Secondly, We have here the duty of the unregenerate, which is to "awake out of steep, and arise from the dead." This is their great concernment: no duty in the world is of greater necessity and importance to them. "Strive (faith Christ) to enter in "at the strait gate," Luke xiii. 24. And the order of these duties is very natural. First awake, then arise. Startling, and rousing convictions make way for spiritual lise; till God awake us • by convictions of our misery, we will never be persuaded to arise, and move towards Christ for remedy and sasety.

Thirdly, But you will say, if unregenerate men be dead men,

to what purpose is it to persuade them to arise and stand up:

The very exhortation supposes some powers or ability in the

. unregeaerlHf.;.^l^A%aia are they commanded to arise *. This

* Though thet*vords seem to import a willingness first to awake and rise, and t#tn to be enlightened, yet we are to understand, that it is by th< efficacy of Christ's light that the sinner is made to awake and rise. Roll, on the place.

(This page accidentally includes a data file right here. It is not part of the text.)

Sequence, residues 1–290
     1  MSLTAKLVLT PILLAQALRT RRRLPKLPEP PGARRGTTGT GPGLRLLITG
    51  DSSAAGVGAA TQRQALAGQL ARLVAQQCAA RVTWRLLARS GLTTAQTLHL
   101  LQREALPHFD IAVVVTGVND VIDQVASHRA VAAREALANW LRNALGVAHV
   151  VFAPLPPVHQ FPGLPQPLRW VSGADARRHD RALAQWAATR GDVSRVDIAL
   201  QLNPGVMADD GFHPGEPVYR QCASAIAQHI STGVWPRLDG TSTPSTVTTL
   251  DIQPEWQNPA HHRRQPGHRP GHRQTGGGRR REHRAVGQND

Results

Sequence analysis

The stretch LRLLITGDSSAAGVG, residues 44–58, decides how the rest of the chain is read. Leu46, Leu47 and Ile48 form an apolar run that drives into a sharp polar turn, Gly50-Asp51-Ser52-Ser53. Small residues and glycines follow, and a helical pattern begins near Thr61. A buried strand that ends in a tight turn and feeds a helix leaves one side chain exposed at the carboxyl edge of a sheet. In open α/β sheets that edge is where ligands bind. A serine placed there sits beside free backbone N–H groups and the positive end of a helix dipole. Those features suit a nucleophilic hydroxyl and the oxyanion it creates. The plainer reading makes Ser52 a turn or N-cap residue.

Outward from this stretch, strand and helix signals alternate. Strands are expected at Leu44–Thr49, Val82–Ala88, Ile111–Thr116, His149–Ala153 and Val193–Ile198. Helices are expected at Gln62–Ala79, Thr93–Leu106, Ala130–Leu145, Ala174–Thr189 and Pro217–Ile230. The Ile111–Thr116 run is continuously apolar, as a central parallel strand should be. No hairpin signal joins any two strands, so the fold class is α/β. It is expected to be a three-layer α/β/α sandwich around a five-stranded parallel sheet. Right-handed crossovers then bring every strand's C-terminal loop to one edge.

difficulty is solved in this very text, though the doty is ours, yet the power is God's. God commands that in his word, which only his grace can perform. "Christ fhall give thee light." Popish commentators would build the tower offree-wiU upon this scrip, ture, by a very weak argument, drawn from the order wherein these things are here expressed; which is but a weak foundation to build upon, for it is very usual in scripture to put the efsect before, and the cause after, as it is here, so in Isa.xxvi. 19. '* A"wake and sing, ye that dwell in the dull." Bat I will not here intangle my discourse with that controversy, that which I aim at is plain in the words, viz,

Doct. That all Chrstless fouls are under the power of spiritual death; they are in the slate of the dead.

Multitudes of testimonies are given in scripture to this truth; Eph. ii. 1,5. "You hath he quickened who were dead in trcs"passes and sins." Col. ii. 13. "And you being dead in your "sins, and the uncircumcision of your flesh, hath he quickened "together with him;" with many other places of the same importance. But the method in which I shall discourse this point will be this:

First, I will fhew you in what sense Christless, and unregenerate men are said to be dead.

Secondly, What the state of spiritual death is.

Thirdly, How it appears that all unregenerate men are in this lad state. And then apply it.

First, In what sense are Christless, and unregenerate men said to be dead men.

To open this, we must know there is a three-sold death, viz.

1. Natural.

2. Spiritual.

3. Eternal.